Well it was bound to happen.
I finally jumped in.
I got a Large Format camera, loaded, shot, and developed.
And it worked.
Back at the end of February I took a trip down to Rochester, NY with my friend Chrissie to visit our friend Andrew and Jenny and her Husband Aaron to check out the Rochester Subway and the Genesee Brew House. Of course there was a visit to Photo Source, this small camera shop in downtown Rochester run by Dick Raas. I have been hunting a 4×5 camera for a while and really wasn’t picky minus the fact it needed to be portable. Walking in, I bee-lined for the Large Format shelf and found this beauty.
A 1940s era Speed Graphic, but there was something a little odd about this camera. The Speed Graphic was the famous press camera of the mid-twentieth century. Dick proceeded to tell me about this one, it had been stripped down of all the things that made it a press camera, gone was the focal plane shutter, range finder, optical view finder. It had been basically turned into a field camera, came with a lens (Kodak Ektar 203mm f/7.7), film holders, basically everything I needed. And at the right price. I quickly ordered a 90mm lens off KEH.
And then it sat, it was pretty intimidating, I had never used a camera like this before, film came in sheets, loaded into holders, everything was upside down and backwards, closing the shutter.
So I watched a couple videos on YouTube…
Okay, I felt pretty ready about this. One good thing was the film holders had old film in them so I practiced daily loading and unloading the film, putting them into the Unicolor Drum I got from Burlington Camera. So this past Saturday I finally loaded up four sheets of film (Ilford HP5), loaded a tripod, Spotmeter, blanket, both lenses and headed out.
Before I even metered the scene I composed it in my head, then metered twice. Marked the spot, then went and got the camera, lined up the tripod, mounted the camera, opened it all up, blanket over the head and focused, recomposed, focused again. Then set the exposure, checked again on the glass, mentally flipping everything. Then closed the shutter and loaded the film holder, double checked the shutter, pulled the darkslide, and pressed the release. Replaced the darkslide.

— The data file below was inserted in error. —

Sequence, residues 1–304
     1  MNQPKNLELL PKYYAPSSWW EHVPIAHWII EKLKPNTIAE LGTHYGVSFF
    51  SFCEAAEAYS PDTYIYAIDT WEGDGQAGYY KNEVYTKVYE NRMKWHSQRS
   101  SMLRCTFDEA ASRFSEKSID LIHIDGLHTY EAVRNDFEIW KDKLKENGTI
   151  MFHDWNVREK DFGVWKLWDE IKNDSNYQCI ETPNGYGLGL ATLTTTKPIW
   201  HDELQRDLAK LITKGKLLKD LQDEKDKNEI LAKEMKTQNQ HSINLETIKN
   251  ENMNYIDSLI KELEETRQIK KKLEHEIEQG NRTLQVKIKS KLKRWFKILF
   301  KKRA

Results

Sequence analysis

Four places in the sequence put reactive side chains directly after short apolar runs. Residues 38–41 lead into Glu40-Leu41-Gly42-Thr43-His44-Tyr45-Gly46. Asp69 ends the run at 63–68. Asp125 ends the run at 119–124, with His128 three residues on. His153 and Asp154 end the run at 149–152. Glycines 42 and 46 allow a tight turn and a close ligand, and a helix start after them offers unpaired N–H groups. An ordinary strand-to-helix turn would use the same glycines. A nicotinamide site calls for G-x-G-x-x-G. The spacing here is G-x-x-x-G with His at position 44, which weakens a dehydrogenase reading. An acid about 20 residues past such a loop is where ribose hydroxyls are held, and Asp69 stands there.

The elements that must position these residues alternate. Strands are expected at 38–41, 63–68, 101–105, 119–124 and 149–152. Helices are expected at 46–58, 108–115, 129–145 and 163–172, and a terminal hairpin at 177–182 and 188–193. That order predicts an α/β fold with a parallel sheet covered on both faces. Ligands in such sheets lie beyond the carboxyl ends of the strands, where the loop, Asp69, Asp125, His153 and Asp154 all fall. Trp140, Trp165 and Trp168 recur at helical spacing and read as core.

Okay, that wasn’t too hard, despite being nervous as hell when I pressed the cable release. The second exposure went much better. There two shots down, and two more to go, but those I wanted to save for downtown Hamilton. The next step of course was processing, again back to the web, reading, youtube videos. I arranged to use the last surviving darkroom at Sheridan College, being able to work outside of a change bag first off helps me out a lot. Two sheets loaded, and started it rolling on the base. Some chemistry sloshed out which did cause some troubles to one of the sheets, but this was my first time, can’t expect perfection. But out of the four sheets shot, getting three images that I like, is pretty good I think.
Couple things I learned…especially when using my 90mm lens, I need to bring the lens forward a touch more as in the two images (I cropped them out in post) you can see the camera body (oops). And to make sure no one is too close when exposing as they may bump into the camera and you get camera shake. I’d also like to thank Mat, Sean, and Owen for all their help in getting me started.
And finally, my favourite shot from the first four…